Recycling industry entrepreneurs on July 22 told a key Congressional panel they are concerned new regulations proposed by the Environmental Protection Agency (EPA) could stop them from converting coal-fired power plant waste into safe, eco-friendly building products. During a hearing of the House Committee on Small Business' Rural Development, Entrepreneurship and Trade Subcommittee, witnesses said the rules could raise utility rates and cause layoffs.

"Utilization of coal combustion waste in products like cement can reduce the need for other raw materials, lower production cost and reduce greenhouse gas emissions," said Subcommittee Chairman Heath Shuler (D-North Carolina). "With a balanced policy approach that promotes the beneficial use of coal ash, we can help preserve our environment, while creating new opportunities for small businesses."

Coal-fired power plants produce nearly half of the power generated in the U.S., creating 136 million tons of coal combustion byproduct called "coal ash" in the process. While it can have negative impacts on the environment and be costly to dispose of or store, entrepreneurs have developed safe uses for coal ash, recycling 50 million tons in construction products like concrete, cement and gypsum wallboard. North Carolina entrepreneurs testified today that coal ash has been used safely in concrete mixes by their state's highway department for two decades because it makes building materials stronger, while reducing construction costs by $5 million a year. Rural electric utilities in the state have also invested in scrubbers, which reduce power plant emissions by capturing the ash.

"Innovative North Carolina entrepreneurs are working hard to help reduce pollution and replace the jobs we've lost to outsourcing by creating good-paying jobs here at home," Shuler said. "It's important to foster green industries that put people back to work and promote a healthier environment for our children and grandchildren."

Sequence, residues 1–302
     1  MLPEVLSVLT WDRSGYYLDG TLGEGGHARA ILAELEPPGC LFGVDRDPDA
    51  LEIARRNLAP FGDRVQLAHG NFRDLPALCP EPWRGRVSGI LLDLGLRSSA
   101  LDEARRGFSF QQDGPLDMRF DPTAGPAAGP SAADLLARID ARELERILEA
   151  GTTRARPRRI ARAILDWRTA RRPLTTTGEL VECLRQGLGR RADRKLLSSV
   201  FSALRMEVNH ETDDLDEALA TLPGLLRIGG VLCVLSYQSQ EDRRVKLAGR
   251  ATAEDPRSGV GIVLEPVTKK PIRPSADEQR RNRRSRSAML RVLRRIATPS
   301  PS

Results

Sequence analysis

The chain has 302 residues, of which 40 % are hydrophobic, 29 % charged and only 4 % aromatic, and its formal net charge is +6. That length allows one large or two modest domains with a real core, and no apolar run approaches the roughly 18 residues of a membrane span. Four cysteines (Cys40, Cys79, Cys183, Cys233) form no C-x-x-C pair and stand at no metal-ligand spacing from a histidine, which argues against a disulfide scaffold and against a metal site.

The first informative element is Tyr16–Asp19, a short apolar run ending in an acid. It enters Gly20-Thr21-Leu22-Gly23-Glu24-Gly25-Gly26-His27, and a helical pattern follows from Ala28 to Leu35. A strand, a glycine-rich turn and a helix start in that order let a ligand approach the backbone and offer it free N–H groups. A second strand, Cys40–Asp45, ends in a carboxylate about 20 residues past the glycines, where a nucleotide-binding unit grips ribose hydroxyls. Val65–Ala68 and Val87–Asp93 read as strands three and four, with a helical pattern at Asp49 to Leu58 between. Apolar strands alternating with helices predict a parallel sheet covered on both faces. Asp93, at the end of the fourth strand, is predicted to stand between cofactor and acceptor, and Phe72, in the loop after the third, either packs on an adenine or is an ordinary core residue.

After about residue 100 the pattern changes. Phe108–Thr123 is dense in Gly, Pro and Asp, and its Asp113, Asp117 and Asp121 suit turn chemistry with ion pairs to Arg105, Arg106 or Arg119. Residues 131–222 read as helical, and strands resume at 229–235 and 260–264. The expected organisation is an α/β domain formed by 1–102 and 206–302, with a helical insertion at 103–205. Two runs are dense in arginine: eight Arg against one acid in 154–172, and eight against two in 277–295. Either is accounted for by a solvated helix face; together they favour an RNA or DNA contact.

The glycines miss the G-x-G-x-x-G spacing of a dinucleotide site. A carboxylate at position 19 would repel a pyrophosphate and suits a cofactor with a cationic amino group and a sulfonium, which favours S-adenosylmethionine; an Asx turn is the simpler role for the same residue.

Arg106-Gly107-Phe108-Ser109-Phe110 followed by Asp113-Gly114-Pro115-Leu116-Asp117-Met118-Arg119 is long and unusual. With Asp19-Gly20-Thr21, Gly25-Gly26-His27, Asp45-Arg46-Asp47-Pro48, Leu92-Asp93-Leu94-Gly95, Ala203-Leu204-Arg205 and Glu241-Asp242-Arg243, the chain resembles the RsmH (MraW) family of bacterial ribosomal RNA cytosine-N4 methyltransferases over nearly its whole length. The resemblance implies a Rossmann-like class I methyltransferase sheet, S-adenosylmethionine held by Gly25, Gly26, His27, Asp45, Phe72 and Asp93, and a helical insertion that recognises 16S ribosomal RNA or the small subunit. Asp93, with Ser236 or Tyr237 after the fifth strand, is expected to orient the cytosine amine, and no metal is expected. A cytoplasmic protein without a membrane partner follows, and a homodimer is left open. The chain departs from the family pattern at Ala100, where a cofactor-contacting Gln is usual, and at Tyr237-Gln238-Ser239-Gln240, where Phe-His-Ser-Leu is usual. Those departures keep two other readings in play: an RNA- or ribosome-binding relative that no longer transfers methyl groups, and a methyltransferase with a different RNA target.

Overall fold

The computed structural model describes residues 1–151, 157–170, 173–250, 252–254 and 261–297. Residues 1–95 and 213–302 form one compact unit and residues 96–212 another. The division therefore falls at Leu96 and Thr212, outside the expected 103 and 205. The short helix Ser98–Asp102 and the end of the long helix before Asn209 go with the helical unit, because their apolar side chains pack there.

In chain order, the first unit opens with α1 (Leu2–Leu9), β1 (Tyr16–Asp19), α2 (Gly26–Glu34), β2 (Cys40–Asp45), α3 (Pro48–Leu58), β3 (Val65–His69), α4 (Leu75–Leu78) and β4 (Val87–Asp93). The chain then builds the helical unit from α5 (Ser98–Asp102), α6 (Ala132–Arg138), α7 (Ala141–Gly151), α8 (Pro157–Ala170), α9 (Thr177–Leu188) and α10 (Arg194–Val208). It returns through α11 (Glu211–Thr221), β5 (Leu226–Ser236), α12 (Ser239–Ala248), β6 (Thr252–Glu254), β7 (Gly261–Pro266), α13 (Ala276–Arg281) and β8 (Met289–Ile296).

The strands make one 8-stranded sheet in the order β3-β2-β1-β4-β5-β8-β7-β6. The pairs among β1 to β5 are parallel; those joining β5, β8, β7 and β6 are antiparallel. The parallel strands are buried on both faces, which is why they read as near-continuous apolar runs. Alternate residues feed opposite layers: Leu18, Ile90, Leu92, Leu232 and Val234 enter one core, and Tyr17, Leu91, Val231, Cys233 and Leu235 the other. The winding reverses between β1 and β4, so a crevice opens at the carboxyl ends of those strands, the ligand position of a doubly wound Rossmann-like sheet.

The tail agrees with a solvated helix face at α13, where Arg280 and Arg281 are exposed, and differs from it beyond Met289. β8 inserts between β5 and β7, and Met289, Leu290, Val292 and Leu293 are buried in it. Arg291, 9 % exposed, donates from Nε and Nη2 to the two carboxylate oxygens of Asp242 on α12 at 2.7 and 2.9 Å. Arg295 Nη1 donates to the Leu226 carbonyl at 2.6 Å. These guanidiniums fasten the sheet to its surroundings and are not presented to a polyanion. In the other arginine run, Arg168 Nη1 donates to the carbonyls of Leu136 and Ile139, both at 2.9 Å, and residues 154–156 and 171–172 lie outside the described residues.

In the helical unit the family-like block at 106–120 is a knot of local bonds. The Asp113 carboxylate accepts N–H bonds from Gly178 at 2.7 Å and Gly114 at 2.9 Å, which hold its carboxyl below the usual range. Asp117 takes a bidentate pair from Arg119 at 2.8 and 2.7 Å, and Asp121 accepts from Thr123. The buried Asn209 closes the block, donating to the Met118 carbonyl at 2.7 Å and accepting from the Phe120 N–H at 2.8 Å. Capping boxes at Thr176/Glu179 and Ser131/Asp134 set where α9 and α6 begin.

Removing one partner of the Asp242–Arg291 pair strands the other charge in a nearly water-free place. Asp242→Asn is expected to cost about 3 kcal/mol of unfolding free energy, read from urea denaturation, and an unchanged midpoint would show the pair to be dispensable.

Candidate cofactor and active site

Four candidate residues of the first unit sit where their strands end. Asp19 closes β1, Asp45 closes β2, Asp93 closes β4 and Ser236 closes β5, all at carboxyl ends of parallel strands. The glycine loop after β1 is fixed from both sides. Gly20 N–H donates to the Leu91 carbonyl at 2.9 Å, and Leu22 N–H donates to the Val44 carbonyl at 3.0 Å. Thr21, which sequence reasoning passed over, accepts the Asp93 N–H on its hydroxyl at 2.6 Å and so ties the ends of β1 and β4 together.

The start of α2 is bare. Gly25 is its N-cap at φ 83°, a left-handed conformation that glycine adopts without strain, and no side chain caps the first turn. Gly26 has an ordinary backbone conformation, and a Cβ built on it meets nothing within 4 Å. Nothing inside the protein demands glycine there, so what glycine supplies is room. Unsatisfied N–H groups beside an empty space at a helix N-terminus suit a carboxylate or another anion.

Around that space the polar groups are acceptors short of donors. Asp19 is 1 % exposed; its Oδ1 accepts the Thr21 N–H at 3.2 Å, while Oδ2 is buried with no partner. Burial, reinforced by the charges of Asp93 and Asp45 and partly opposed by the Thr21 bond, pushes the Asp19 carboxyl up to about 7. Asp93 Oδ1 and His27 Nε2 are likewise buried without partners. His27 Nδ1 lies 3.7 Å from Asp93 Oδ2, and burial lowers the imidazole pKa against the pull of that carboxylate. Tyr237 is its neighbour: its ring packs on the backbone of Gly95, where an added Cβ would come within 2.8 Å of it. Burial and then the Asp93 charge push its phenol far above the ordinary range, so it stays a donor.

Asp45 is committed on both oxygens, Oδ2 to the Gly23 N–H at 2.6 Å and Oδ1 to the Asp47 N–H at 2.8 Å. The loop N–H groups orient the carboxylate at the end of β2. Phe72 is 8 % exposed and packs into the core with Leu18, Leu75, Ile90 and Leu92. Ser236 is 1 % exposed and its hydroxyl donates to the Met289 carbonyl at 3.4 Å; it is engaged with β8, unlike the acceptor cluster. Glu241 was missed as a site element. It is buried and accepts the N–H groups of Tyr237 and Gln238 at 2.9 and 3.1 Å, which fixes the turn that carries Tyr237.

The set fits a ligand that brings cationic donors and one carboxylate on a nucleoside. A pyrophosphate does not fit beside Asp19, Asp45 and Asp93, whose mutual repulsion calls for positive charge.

The EPA is proposing new regulations for coal ash aimed at addressing safety and environmental concerns. Depending on how those regulations are crafted, coal ash could be regulated like a hazardous waste, a move that has raised concerns among small businesses. During the hearing, entrepreneurs in the recycling industry said that a hazardous waste classification carries a stigma and would raise liability fears, making it difficult to use coal ash in building materials. Lawmakers also questioned whether the EPA had evaluated the full impact the proposed rule might have on small businesses. Assuming that 100% of the costs of the proposed rule would be passed on to electricity consumers, the Regulatory Impact Analysis estimated that the average nationwide increase would be 0.795 percent, with local markets increasing anywhere from 0% to 5.5822%.tes.

"Small businesses involved in the recycling, handling and transportation of coal ash stand to suffer serious economic harm if the EPA doesn't get this right," Shuler said. "I agree that we need strong and enforceable regulations at the federal level for coal ash storage and disposal. I want to work with EPA on a solution to provide better environmental protection without the economic damages of regulating coal ash like a hazardous waste – when it really isn't."

The EPA's proposed rule was released in late June and public comments are being accepted until September 20. During today's hearing, Shuler said he was preparing legislation to help address entrepreneurs' concerns.

Video of the July 22 hearing is available by clicking here